Episode 631 (7-4-22): Frogs and Fireworks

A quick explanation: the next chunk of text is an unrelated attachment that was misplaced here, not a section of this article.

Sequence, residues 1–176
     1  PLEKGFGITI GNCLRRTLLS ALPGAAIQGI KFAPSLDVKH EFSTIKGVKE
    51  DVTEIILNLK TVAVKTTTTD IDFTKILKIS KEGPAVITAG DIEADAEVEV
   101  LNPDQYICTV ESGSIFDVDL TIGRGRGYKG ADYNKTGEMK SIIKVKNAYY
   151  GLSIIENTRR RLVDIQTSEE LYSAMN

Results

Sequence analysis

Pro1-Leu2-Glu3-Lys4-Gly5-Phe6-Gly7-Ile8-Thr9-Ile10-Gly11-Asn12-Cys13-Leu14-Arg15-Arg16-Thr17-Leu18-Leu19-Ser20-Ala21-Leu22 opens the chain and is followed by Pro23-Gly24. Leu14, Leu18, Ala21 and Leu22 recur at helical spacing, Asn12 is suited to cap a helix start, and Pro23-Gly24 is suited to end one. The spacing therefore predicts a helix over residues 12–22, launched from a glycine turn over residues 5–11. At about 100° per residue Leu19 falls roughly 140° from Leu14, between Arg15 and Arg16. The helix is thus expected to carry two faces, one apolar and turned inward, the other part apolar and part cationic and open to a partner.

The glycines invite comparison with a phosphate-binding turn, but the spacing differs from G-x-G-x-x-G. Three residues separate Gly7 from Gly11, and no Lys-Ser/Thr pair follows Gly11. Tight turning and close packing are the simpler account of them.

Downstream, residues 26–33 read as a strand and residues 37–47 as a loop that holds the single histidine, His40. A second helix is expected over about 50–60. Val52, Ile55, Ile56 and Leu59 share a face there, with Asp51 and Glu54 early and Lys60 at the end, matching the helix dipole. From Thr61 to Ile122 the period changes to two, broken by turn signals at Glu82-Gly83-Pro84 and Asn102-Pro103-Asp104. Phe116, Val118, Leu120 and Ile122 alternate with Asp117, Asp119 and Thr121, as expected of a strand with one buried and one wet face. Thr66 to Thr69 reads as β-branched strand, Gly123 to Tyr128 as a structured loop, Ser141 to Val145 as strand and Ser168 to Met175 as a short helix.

Play Episode Listen Later Jul 1, 2022